Whether a student can play a sport, study advanced math, or sing in a choir varies widely by where they attend school, Indianapolis Public School officials said at the latest in a series of meetings that raise the possibility of closing some schools.
Indiana lawmakers override governor’s veto of trans sports bill
State senators voted 32-15 in favor of overriding Gov. Eric Holcomb following the same action in a 67-28 vote by the House earlier in the day.Read More
Lilly CEO has leaders talking about whether state is doing enough to grow Indiana
David Ricks’ lunchtime speech to The Economic Club of Indiana—repeated on social media by those in attendance and reported by IBJ and local TV stations—has reverberated across the state.Read More
Purdue Poly seeks deal to use Broad Ripple High School for one year
Indianapolis Public Schools is considering letting Purdue Polytechnic High School North temporarily use part of the building while the charter school’s permanent home is under construction.Read More
Butler names new sciences building Levinson Family Hall after $10M gift
Levinson Family Hall, which opened to the public in summer 2021, connects existing science building Gallahue Hall to the Holcomb Building, which previously housed the Andre B. Lacy School of Business.Read More
Effective next school year, the state will limit schools to three days of asynchronous instruction—defined as days when over half of instructional time is virtual and self-paced, without students spending any online time with a teacher.
Before becoming a teacher, Kim Rosenbaum worked for 14 years as a welder in machine shops—experiences that she thinks make her a better teacher.
The federation announced separate collective bargaining agreements through December 2028 with the unions for both national teams on Wednesday, ending years of often acrimonious negotiations.
Longtime public relations strategist Whitney Ertel will take the job May 31, succeeding Patrick McGrew.
Indianapolis-based XR Technologies, which hires math teachers with non-traditional backgrounds and places them in classrooms around the state, has received approval to launch a teacher licensure program that the company says will help it scale its reach beyond the state’s borders.
In some cases, workers say rising costs—and the inability to keep up while on a fixed income—are factoring heavily into their decisions.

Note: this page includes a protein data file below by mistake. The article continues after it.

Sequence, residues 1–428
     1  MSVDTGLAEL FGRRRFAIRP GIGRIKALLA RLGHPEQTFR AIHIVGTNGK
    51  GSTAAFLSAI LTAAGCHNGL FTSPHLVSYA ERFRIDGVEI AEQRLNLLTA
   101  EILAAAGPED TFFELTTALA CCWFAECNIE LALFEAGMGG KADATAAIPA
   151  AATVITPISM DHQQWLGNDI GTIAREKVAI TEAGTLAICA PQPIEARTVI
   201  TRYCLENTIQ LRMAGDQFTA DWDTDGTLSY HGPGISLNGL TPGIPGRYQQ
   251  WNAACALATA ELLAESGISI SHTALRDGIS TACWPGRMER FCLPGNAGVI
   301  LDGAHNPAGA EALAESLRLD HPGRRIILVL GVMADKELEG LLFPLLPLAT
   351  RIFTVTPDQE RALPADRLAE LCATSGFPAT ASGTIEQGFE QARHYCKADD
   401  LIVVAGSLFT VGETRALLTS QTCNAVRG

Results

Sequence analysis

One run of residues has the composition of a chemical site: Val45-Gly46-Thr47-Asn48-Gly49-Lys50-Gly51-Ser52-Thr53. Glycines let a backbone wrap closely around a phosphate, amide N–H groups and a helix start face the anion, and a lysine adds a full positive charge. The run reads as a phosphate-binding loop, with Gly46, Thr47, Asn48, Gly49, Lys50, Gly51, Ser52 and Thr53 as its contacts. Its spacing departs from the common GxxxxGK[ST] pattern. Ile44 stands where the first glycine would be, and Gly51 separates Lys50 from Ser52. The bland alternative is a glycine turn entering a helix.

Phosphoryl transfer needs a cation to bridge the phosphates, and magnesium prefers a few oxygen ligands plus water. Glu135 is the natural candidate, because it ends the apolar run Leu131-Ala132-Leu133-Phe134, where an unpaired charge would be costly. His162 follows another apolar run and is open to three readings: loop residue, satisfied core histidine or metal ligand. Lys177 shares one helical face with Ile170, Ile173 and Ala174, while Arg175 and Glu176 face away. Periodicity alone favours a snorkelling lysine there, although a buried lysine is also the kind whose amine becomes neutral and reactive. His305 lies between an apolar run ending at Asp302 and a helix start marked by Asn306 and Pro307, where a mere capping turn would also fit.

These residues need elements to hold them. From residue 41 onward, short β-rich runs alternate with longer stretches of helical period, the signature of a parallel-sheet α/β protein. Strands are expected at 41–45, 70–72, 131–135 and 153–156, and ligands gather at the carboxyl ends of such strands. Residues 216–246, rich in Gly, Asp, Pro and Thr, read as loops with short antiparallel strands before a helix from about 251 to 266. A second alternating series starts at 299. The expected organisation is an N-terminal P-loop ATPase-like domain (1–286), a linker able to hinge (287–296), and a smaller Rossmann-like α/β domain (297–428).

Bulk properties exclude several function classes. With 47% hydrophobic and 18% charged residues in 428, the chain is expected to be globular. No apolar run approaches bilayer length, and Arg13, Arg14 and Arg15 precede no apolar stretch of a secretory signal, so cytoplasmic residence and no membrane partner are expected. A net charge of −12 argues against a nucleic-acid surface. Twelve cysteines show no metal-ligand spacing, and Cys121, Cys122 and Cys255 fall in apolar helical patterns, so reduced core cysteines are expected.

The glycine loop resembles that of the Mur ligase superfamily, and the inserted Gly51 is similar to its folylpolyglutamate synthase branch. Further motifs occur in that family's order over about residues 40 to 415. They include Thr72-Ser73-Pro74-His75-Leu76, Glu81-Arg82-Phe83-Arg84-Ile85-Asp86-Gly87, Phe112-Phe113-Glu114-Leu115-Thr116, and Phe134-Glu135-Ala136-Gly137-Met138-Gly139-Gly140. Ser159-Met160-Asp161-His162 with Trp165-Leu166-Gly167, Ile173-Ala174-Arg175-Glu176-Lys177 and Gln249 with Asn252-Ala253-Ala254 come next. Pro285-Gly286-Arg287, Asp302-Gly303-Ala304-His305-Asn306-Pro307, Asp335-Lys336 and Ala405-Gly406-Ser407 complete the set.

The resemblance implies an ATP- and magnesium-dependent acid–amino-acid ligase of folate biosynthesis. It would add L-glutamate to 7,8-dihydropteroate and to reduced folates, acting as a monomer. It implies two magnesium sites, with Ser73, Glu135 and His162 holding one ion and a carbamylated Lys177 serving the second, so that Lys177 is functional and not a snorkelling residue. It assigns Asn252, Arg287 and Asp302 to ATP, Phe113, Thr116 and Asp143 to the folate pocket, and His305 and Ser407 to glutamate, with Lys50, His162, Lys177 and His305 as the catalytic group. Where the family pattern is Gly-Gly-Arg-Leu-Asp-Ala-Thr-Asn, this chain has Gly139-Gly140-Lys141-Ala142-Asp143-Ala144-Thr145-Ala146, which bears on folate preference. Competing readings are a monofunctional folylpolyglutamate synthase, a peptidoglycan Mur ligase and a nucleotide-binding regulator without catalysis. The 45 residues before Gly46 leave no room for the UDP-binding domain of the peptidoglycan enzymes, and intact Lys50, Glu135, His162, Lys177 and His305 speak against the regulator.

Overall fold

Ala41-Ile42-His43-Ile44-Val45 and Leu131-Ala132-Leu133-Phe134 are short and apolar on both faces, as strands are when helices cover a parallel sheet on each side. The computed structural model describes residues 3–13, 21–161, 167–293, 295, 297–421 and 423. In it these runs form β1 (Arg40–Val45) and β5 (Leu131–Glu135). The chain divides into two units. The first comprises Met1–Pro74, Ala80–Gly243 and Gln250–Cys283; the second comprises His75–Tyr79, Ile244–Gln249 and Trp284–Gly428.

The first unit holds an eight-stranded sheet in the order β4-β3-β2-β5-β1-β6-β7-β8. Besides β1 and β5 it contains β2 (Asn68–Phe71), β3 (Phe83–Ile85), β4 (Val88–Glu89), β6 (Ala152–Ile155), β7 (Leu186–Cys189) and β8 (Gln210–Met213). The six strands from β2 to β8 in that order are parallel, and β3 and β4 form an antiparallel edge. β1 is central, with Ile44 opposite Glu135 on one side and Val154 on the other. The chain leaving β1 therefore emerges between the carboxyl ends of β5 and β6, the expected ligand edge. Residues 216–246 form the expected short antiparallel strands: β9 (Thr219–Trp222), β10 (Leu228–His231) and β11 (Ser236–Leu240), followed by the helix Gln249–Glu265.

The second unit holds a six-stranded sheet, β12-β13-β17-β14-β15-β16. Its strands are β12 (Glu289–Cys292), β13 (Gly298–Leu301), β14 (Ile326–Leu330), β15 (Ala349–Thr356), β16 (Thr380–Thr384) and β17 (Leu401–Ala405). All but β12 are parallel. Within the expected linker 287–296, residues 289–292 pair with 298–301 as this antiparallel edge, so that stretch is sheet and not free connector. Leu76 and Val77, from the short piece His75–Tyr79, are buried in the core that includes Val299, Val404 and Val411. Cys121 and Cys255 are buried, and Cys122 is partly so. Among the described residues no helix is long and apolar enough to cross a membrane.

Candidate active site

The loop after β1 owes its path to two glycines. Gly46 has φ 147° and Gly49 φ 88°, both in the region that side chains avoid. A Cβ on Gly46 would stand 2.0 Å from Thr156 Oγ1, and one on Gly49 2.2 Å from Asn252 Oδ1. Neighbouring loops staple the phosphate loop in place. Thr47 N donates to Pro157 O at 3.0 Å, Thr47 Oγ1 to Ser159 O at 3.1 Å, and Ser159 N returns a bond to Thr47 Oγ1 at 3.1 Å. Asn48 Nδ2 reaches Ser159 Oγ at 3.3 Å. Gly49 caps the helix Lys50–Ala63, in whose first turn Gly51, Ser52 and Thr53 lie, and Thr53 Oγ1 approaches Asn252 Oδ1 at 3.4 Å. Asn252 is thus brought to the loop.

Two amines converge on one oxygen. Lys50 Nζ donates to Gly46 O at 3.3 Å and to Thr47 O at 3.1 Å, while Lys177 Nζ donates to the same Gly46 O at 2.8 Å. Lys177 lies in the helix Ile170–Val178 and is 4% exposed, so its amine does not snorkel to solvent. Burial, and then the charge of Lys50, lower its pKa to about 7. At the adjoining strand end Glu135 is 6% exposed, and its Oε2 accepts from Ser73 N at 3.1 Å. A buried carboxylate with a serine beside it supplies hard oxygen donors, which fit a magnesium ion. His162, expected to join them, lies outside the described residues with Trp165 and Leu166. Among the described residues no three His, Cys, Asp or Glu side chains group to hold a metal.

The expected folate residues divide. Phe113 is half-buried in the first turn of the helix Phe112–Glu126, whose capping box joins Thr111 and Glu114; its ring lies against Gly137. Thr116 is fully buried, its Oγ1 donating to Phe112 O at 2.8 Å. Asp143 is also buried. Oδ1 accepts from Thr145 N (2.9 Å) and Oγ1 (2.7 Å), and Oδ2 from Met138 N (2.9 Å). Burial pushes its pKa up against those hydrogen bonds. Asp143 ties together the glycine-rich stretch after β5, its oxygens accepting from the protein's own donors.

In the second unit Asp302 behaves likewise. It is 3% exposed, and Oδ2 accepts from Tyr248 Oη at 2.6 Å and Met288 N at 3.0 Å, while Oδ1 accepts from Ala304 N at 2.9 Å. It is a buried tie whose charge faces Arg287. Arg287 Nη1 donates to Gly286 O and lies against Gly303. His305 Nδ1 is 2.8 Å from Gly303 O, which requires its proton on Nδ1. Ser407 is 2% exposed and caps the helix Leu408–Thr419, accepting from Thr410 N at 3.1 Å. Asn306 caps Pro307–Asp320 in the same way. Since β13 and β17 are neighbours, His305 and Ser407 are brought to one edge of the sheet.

All six of the operating referendums on the ballot passed, giving schools around the state additional tax revenue to fund programs, transportation, and salaries. But construction referendums—whose funds are earmarked for specific building or renovation projects—fared worse.
White House press secretary Jen Psaki said Thursday that President Joe Biden was still considering whether to tie debt relief to borrowers’ income levels, an idea he’s floated in the past. She said it’s “certainly something he would be looking at.”
Christiana Ochoa, who is currently the executive associate dean of the law school, will start her tenure as interim dean July 1.
The Krannert School of Management at Purdue University has received a nearly $21 million gift from the Dean and Barbara White Family Foundation, the largest gift in the school’s history.
The plan begins with four key steps, including hiring an educational equity officer at the Indiana Department of Education, and making statewide achievement data more accessible to parents and community members.
Craig Caldwell has worked at Butler University since 1999 in a variety of roles, including interim dean of the business school since July 1, 2021.
Indiana saw more referendums than ever right before the pandemic. Now, schools face an uncertain economy and ballot language that might cause sticker shock.
Despite fine-tuning over the years, government audits show the Education Department has provided insufficient instructions to contractors managing its loan portfolio. That oversight has resulted in inconsistent loan servicing to the detriment of borrowers.
The donation came from a business leader who earned her bachelor’s degree from Franklin College in 1971, majoring in political science and history.
A family earning $97,920 can afford only 28% of new homes in Hamilton County and 12% of current listings, according to the study.
Indiana plans to channel up to $15 million in federal emergency funds directly to parents to pay for tutoring for students who are struggling with reading and math.
The project focuses on reconfiguring the men’s and women’s basketball locker rooms and player lounges, expanding the John Wooden Club area, technology updates and more efficient use of the current space.
Indiana’s unemployment rate hit record lows in January and February, yet labor participation remains stagnant as the state and country continue to grapple with workforce shortages.